Thursday 9 October 2008

Hiding the true face of the PAS?

I received this afternoon a message from the Archaeology Service of Suffolk County Council about my post here on how the PAS generates large numbers of records of "finds found by members of the public" by visiting "metal detecting" rallies and "metal detecting" clubs. It contained a request (?) to remove the photo accompanying the second part of the post which showed the Portable Antiquities Scheme recording system at work at a local metal detecting rally. It appears from this that the manner in which this information is gathered by fellow archaeologists in Suffolk is some kind of awfully embarrassing secret which has to be kept from public view (except that is on metal detecting forums). This is what I wrote to my colleagues in the Archaeology Service once I had complied with their request.

Judith, I must admit to being confused. This morning I get a demand for payment for use of the image from the photographer (which suggests he does have your permission to use it) and then a request from Suffolk County Council to remove it.It has gone. But as I told Richard Lincoln ("Sheddy" the rally-going detecting photographer), I would very much like to use it in the book I have just finished writing about artefact hunting and collecting in the UK. Will you agree to that if he does? It sums up for me very well two important characteristics of the British response to artefact hunting and collecting.
Why on earth should we NOT show the public how the data about THEIR archaeological heritage are gathered? Why would we want to pretend we are doing it in any way differently from the way we are?
By the way, I borrowed this image from a metal detecting forum where it was illustrating a thread praising the fact that this was yet another 'responsible' rally with full PAS participation. To be consistent, you will I presume be writing to them too (Shane Rear at to ask them to remove it. What's in the jar at the front of the table in the photo, sweets for the clients while they are waiting?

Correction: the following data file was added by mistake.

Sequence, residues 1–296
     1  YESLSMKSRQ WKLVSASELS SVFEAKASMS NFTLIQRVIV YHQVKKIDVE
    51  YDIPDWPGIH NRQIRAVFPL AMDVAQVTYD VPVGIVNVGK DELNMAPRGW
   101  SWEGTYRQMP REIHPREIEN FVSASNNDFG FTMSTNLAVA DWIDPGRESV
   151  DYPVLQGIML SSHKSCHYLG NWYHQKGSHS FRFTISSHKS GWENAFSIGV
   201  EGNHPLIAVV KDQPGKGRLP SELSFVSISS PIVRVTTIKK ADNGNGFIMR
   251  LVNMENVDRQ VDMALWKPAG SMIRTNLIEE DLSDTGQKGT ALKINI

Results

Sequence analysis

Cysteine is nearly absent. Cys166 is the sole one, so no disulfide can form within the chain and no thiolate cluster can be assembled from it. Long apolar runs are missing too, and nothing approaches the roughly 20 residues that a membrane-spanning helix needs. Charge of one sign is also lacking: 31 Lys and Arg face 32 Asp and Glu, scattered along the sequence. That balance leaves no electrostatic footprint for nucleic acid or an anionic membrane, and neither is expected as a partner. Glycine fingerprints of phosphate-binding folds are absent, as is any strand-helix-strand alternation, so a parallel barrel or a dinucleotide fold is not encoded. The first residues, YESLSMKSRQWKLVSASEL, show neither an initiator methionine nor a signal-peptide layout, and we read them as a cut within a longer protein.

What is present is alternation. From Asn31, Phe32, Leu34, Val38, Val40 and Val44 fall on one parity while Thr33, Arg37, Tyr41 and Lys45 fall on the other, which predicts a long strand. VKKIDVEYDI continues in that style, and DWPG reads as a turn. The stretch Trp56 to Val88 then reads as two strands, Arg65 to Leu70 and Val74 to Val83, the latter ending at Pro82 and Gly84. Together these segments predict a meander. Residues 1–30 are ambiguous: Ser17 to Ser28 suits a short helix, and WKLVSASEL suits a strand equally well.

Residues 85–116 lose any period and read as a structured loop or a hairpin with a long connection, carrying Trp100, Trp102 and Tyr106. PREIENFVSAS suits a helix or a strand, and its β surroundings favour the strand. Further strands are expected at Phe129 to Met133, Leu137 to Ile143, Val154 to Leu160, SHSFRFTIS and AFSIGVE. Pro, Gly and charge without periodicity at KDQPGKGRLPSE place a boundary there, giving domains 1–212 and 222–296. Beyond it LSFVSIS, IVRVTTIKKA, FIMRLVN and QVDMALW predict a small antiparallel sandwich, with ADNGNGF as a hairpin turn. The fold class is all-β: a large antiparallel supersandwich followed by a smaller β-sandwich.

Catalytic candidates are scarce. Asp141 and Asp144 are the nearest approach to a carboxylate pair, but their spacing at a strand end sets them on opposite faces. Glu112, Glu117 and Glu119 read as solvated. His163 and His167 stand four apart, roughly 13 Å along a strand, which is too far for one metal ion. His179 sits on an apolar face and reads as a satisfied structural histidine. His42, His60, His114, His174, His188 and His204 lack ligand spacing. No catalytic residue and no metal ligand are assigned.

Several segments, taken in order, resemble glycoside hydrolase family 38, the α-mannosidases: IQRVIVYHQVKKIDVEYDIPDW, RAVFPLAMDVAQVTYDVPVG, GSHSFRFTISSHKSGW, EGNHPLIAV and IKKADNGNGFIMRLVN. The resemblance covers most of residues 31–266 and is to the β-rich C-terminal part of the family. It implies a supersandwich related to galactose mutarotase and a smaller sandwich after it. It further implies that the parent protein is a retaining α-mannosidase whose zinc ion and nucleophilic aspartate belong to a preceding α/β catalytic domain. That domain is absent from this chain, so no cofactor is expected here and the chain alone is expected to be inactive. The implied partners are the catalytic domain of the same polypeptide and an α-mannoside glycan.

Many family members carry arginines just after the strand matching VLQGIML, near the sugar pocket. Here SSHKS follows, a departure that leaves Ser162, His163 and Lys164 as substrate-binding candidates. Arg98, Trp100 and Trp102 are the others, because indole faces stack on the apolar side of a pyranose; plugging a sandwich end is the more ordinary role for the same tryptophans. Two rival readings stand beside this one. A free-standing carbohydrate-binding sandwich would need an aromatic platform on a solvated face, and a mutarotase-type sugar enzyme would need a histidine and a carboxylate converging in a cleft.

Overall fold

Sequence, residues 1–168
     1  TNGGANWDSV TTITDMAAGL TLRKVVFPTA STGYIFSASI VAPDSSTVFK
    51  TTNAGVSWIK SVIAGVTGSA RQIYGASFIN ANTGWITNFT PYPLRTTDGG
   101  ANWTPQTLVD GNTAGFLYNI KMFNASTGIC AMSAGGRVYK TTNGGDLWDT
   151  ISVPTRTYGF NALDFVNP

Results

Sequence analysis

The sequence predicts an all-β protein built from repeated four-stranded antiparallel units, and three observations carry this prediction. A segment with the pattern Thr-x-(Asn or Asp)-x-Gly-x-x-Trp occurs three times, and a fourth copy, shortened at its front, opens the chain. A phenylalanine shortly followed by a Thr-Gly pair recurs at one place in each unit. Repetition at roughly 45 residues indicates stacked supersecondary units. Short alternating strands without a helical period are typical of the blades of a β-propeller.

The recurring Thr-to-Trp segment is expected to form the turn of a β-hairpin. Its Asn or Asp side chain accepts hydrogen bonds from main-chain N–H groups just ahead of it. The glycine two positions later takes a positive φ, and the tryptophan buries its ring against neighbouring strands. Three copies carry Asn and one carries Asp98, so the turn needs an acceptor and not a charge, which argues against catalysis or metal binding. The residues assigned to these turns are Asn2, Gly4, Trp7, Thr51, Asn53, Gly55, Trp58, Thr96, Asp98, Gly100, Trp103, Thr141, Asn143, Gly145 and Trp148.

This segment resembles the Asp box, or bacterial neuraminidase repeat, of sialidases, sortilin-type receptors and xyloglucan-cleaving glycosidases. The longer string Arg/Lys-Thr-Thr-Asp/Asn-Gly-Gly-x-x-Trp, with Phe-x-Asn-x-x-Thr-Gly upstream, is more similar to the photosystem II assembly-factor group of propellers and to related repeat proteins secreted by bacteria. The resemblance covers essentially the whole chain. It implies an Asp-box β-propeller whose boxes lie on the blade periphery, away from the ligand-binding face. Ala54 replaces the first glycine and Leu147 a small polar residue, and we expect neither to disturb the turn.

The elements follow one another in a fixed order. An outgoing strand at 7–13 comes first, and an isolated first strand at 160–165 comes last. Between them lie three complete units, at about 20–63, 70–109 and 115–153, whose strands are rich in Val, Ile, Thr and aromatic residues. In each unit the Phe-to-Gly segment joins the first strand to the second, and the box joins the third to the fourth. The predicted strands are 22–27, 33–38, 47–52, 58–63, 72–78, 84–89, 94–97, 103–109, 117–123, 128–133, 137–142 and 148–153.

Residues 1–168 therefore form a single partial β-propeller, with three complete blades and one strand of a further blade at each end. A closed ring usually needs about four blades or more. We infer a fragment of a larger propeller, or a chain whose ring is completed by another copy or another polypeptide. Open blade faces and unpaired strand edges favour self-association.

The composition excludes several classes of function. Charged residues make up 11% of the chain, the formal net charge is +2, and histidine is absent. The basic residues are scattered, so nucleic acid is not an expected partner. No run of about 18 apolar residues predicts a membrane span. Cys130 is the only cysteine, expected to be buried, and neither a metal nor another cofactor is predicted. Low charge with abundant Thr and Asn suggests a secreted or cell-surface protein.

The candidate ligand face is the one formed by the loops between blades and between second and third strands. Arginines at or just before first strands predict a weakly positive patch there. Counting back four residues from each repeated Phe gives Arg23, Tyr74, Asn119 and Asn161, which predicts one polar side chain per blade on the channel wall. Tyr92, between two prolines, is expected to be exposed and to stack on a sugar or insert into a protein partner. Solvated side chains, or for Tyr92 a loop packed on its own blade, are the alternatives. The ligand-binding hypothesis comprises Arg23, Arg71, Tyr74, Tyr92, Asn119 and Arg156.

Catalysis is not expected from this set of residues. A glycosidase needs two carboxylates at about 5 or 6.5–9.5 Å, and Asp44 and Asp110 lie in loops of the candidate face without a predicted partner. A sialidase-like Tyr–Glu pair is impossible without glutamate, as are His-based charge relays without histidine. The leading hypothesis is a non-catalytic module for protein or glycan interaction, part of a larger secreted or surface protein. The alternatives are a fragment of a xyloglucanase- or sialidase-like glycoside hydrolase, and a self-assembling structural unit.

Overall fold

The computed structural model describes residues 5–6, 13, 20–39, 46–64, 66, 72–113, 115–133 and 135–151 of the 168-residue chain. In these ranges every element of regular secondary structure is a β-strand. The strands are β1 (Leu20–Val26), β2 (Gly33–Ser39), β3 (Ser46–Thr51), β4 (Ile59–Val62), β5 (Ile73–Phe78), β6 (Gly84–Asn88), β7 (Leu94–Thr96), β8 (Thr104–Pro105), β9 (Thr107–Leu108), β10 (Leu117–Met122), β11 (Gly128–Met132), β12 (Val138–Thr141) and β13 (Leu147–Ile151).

Anyway the photo of a fluffy bunny is far more aesthetically pleasing than secretive Finds Liaison Officers in the middle of a field and I will try and get some links to some decent photos of FLOs at work up here in the near future. Surely it cannot be too difficult to be able to show photographs of these people doing the public service they are paid out of the public purse to do? There must be some FLOs who are not too camera shy to be shown in action.

I can understand why some "metal detectorists" and portable antiquity collectors might want to disrupt blogs like this by making demands that certain material which is commented on is removed. It is rather disappointing to see that one of my own colleagues, engaged in what is claimed to be British archaeology's "largest public outreach", rather than engaging in discussion about policies, priorities and allocation of resources, apparently joining in with this type of action. I must say though that it does not overly surprise me given the current state of the discussion on artefact hunting and collecting and the "solution" adopted by British archaeology to deal with it. Or rather the near-total lack of proper discussion. I guess most of my British colleagues feel (or hope) that if we ignore these difficult problems and issues, they will go away. I do not agree, surely these things need bringing out in the open and frank discussion. How can one do archaeological outreach without doing so?

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